Our chat with Nova Scotian trainer, Andy Wallace, on tollers

On the toller's role

“Tolling” means to lure game, and that's exactly what a good tolling dog will do with ducks. It works like this. A hunter hides with his dog in a blind. When a flock of ducks lands far out on the water, he throws a stick or some other type of fetch for the dog to retrieve. Usually after a few throws, the ducks will notice the dog prancing along the shore and begin to swim toward him. It can, however, take many retrieves to get their attention, and that's where the personality of a good tolling dog comes in. Eager to please his master, he'll go as many times as it takes to catch the birds' attention.

On training tollers

They're smart and sensitive. You train them with tone of voice, praise and respect. A heavy hand just doesn't cut it with these dogs. They're born retrievers. Most will retrieve as soon as they can walk. And they'll do anything they can to please a person who praises them. That's why they'll make as many retrieves as are necessary to bring in a flock. They're clever dogs that are easily trained.

On the act of tolling

Three times in my years of hunting, I've seen red foxes catch ducks just by prancing around on the shore until the birds came so close the fox could jump up and seize them. Tolling dogs were developed to imitate this behaviour—with the exception that they don't try to grab the birds.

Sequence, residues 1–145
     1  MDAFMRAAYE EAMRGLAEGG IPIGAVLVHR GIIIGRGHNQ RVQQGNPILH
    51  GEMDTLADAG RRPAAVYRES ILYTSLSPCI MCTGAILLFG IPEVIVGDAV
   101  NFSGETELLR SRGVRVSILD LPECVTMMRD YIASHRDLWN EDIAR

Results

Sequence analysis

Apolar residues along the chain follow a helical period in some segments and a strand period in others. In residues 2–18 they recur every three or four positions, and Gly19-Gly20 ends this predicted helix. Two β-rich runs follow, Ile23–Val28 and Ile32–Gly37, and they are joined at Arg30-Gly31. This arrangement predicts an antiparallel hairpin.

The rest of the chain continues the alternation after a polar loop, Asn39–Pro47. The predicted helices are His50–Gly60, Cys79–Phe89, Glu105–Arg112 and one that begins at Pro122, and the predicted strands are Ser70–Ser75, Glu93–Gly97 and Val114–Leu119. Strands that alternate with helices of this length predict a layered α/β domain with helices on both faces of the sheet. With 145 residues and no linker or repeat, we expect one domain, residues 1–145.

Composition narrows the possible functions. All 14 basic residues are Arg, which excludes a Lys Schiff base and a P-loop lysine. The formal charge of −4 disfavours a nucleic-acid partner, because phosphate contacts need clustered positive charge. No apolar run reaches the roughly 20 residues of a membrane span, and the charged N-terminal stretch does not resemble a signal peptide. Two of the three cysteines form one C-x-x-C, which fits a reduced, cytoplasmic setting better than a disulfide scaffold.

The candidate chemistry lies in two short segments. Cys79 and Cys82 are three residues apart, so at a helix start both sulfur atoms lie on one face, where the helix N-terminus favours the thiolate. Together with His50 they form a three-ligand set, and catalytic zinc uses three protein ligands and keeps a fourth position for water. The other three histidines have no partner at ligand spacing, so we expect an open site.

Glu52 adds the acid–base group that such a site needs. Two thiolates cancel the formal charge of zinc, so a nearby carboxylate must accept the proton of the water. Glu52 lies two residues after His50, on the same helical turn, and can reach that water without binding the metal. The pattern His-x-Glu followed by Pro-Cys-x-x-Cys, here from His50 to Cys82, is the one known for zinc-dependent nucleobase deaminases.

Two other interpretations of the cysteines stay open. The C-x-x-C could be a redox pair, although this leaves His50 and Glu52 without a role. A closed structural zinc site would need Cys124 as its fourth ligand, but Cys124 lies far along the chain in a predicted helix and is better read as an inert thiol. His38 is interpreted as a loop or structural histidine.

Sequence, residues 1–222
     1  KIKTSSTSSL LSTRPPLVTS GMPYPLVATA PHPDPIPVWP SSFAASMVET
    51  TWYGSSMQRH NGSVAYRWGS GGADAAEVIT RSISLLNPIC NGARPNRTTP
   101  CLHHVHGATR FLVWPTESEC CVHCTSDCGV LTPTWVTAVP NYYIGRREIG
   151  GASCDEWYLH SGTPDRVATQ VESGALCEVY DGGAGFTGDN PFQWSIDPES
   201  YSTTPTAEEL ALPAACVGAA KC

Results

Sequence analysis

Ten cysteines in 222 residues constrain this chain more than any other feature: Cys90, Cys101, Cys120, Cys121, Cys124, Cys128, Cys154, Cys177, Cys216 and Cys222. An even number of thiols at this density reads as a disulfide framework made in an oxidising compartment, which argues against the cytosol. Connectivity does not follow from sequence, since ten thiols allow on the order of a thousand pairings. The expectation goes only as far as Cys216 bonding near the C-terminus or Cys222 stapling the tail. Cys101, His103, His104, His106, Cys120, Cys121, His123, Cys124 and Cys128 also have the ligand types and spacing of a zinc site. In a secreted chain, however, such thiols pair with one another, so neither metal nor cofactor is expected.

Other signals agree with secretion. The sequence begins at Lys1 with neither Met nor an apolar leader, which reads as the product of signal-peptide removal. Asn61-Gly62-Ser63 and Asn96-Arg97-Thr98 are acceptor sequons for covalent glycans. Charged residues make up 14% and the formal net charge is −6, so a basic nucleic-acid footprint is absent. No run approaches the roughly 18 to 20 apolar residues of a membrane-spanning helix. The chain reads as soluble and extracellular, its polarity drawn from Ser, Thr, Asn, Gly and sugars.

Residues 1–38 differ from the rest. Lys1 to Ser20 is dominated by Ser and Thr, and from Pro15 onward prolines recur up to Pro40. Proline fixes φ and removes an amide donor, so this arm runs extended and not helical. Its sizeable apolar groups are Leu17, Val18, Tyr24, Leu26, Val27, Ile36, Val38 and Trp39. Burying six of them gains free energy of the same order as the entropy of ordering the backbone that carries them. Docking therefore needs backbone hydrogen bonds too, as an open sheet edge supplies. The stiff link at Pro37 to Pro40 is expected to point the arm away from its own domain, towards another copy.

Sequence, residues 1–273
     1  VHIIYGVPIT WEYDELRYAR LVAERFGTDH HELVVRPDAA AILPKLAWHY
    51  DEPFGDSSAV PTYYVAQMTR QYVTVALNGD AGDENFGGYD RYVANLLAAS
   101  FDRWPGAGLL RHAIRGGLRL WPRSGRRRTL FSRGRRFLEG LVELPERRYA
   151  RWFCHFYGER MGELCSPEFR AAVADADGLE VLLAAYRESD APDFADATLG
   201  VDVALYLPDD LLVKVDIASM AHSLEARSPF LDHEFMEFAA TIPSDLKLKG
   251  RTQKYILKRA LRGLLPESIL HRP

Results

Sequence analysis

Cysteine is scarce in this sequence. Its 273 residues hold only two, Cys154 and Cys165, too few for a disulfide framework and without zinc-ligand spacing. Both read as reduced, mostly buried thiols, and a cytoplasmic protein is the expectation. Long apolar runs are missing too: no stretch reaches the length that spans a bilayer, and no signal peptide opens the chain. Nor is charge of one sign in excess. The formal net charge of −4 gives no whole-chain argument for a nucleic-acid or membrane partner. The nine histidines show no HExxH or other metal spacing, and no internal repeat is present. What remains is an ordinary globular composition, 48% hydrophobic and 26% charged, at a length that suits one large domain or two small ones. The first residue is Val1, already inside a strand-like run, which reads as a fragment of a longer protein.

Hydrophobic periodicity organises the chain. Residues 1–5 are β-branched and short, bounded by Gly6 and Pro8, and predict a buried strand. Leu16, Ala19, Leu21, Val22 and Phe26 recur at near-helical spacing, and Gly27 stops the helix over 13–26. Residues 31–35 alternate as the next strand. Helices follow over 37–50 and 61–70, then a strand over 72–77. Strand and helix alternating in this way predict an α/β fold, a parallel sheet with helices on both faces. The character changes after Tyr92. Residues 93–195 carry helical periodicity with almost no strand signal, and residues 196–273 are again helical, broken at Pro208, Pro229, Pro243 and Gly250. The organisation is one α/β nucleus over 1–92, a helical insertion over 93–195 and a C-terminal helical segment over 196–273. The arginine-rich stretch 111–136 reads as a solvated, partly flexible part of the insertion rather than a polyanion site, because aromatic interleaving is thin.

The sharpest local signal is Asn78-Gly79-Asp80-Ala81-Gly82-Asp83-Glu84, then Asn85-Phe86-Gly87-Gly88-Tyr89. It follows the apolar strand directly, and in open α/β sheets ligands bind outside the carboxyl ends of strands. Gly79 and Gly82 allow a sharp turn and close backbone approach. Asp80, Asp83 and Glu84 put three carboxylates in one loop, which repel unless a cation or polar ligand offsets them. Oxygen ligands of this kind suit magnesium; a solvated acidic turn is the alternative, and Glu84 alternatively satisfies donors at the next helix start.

On loyalty to his dogs

One day, one of my dogs, Blu, and I were duck hunting and Blu fell through the ice when she went to fetch a duck. I couldn't let her drown. She was crying like a baby. I crawled out on my belly over the ice toward her with a tree branch in my hand and finally managed to break enough of the ice so that she could swim to me. I grabbed her and threw her-still with that blasted duck in her mouth-up onto the ice. Then I went through. I was sure relieved to discover I was only up to my armpits. The three-mile walk home nearly froze us, but we made it, Blu and me.

On the future of the toller

There are still some people in Yarmouth County breeding the dogs as Little Rivers. My daughter, Lisa, and her husband are continuing to breed the same strain of dog that I have always bred. My son, Mart, a vet in South Carolina, is also carrying on the Wallace-family tradition. Hopefully, dedicated hunters will keep the breed true to its original purpose.

Want to learn more about tollers? Visit the Nova Scotia Duck Tolling Retriever Club of Canada.